• If national justice systems are not willing or able to prosecute widespread instances of systematic sexual violence, as in situations of armed conflict, the responsible parties should be prosecuted by the International Criminal Court as its jurisdiction allows.

Other services

  • Strengthen support and treatment services for survivors of rape and other sexual violence, including provision of HIV post-exposure prophylaxis (PEP), voluntary and confidential HIV testing, testing and treatment for other sexually transmitted diseases, legal assistance, and other appropriate counseling. Personnel in facilities providing these services should be trained to address the particular needs of children and young women who survive sexual abuse. States should ensure PEP and related medical and legal services are available on an equal basis to all survivors of sexual violence. They should ensure wide dissemination of information about these services (including what they are, why they are important, and where to get them) in the general community, as well as among health care providers, police, social workers, teachers, and others likely to serve as important contact points for sexual violence survivors.

  • All governments should ensure nationwide access to affordable male condoms at all times. Governments should improve distribution and access to female condoms and increase awareness of the link between sexual violence and HIV transmission and awareness of HIV reinfection.

  • In all countries, ministries of education should work with other relevant ministries and national AIDS control programs to formulate and implement national programs of protection against sexual violence in schools, including strengthening of education on sexual abuse in the formal curriculum, training and binding codes of conduct for school employees, guidelines for schools detailing appropriate responses to allegations of sexual abuse by students, and procedures for disciplining offenders. Mechanisms should be established to monitor schools’ records in all these areas, and headmasters or other school directors should be held accountable for failure to respond to allegations or to follow guidelines adopted nationally.

  • All governments should strengthen the collection and dissemination of comprehensive national statistics on sexual abuse and domestic violence, detailing the nature and degree of abuse, rates of prosecution and conviction, and the nature of punishment applicable, but using methods that protect the privacy of survivors of these crimes.

Rape of sex workers

  • Sex workers who are victims of rape and other sexual violence should have equal standing under the law to bring formal complaints, be received by the police with dignity, and expect prosecution of offenders. The high degree of vulnerability of sex workers to sexual abuse should be included in training programs mentioned above.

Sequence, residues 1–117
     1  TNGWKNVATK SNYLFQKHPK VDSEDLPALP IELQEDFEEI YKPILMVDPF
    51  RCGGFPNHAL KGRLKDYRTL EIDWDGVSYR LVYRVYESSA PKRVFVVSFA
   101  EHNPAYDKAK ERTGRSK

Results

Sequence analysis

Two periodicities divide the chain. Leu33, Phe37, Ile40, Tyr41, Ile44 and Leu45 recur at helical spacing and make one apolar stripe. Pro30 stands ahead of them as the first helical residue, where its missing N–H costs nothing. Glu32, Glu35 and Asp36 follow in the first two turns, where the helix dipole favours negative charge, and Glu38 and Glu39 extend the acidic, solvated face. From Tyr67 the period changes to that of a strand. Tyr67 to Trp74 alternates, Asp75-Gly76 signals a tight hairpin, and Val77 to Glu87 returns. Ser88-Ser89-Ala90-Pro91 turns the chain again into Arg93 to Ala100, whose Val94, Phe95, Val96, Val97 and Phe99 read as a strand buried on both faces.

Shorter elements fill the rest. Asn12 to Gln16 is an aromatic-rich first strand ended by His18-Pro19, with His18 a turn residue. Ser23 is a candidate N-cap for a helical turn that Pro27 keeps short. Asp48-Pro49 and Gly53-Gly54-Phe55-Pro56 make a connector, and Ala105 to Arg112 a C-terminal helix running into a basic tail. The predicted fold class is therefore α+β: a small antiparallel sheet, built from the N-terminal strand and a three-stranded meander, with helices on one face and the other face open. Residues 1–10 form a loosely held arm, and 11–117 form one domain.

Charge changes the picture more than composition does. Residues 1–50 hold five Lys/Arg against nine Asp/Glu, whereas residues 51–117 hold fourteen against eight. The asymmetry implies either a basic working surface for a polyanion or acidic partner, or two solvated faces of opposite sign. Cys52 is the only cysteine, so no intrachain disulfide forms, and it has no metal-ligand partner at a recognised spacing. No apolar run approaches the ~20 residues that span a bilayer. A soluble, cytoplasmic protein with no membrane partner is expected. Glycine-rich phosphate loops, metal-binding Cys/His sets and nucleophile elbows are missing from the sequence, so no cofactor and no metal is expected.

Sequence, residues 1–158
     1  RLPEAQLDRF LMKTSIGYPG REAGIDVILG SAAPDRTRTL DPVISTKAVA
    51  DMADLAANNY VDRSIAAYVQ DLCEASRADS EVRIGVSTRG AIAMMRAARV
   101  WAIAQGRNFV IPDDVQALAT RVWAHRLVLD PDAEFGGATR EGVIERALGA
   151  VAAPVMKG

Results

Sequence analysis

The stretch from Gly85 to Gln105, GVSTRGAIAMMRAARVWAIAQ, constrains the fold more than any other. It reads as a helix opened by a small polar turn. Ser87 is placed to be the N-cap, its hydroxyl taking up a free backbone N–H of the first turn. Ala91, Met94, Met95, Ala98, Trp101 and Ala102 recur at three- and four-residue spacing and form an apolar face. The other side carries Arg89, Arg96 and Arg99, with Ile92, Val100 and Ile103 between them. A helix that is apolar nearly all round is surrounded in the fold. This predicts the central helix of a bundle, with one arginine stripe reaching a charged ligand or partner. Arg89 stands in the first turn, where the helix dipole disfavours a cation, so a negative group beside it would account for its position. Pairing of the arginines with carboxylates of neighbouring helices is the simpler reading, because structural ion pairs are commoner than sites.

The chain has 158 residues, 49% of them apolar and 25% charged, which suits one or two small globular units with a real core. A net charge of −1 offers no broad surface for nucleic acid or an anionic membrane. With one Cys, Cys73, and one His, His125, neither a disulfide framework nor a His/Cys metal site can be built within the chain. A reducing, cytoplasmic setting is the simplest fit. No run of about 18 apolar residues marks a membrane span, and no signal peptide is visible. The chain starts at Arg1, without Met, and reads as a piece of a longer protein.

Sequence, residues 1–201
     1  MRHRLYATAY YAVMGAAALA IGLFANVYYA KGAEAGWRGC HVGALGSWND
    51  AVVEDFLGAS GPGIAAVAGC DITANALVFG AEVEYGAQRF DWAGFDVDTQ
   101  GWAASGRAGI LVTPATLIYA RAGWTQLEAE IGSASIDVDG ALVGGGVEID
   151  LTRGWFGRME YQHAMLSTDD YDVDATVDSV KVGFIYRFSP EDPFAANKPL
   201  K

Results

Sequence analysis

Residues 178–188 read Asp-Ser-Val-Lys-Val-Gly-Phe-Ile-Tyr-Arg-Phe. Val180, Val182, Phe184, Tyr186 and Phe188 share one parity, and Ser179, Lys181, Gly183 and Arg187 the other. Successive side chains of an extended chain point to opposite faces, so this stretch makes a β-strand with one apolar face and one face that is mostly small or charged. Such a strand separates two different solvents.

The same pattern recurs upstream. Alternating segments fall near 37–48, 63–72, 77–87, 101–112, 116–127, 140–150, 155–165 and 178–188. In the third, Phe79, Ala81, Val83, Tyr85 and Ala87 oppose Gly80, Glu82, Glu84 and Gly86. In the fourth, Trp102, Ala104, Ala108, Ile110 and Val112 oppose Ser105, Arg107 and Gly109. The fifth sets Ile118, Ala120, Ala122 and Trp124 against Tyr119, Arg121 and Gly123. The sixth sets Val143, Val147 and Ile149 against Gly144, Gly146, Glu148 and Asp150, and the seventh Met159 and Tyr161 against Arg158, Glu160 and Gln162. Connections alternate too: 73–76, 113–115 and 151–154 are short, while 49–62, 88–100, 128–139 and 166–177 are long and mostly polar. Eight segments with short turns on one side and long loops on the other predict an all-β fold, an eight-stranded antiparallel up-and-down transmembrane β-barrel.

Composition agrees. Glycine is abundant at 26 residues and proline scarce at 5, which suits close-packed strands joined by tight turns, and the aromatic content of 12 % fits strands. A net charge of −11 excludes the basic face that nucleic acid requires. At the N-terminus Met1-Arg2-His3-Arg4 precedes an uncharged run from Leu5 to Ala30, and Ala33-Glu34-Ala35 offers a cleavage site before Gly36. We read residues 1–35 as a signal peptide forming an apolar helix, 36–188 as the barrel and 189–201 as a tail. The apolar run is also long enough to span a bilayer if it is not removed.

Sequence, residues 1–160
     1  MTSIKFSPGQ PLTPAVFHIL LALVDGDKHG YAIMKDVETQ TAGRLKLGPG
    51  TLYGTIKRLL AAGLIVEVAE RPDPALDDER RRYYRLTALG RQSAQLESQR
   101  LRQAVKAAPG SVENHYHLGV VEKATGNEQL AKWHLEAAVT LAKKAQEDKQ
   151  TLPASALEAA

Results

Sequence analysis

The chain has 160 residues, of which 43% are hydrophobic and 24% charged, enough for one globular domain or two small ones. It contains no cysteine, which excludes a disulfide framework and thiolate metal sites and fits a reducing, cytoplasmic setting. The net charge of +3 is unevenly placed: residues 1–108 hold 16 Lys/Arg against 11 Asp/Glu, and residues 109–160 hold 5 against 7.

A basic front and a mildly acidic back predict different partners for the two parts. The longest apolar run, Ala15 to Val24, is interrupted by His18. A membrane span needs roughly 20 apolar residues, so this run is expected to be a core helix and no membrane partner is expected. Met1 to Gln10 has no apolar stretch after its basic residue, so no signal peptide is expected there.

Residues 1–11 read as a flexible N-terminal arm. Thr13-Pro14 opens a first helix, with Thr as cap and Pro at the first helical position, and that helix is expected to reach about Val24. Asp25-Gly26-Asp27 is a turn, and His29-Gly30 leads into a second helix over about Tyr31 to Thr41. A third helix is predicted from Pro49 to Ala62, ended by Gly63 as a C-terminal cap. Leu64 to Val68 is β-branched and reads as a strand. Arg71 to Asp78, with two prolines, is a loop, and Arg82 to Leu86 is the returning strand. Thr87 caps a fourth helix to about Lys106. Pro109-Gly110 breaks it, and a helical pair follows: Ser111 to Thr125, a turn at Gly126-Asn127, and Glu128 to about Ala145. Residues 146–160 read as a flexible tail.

Sexual violence in war

  • Military personnel in all countries should be trained in prevention of and receive clear orders against any action that might constitute sexual abuse. Military authorities must be held accountable for full investigation of allegations of sexual abuse by their personnel and appropriate prosecution of offenders. The well-being, privacy, and dignity of complainants and witnesses must be protected in all proceedings. Civil society should be allowed to operate freely to monitor rape and other sexual abuse and assist the survivors of these crimes. In areas of armed conflict, most notably in the D.R. Congo and Burundi, international pressure is needed on all parties to the armed conflict to ensure immediate cessation of all sexual violence against women and girls. In Sierra Leone, the government must take urgent steps to ensure the release of girls and women still held as sexual slaves by former combatants, and diligence on the part of all parties is needed to ensure that the Special Court for Sierra Leone will adequately pursue cases of sexual violence and sexual slavery.

2. Gender inequity in property ownership and control, inheritance, and divorce

  • All countries should amend or repeal all laws that violate women’s property rights, including the rights of widows. Countries should hold accountable those authorities who undermine statutory protection of women’s equal right to property by applying discriminatory provisions of customary law. Adequate legislation will normally include a presumption of spousal co-ownership of family property and of equal division of property upon the termination of marriage; registration of all marriages in a central registry; equal inheritance rights; a requirement of family consent for transfers of family land and housing; and a clear recognition that payment of dowry is not a legal requirement for any type of marriage. Legal changes should be accompanied by resources that ensure enforcement of the law and establishment of appropriate judicial mechanisms, such as family courts, for prosecution of offenders.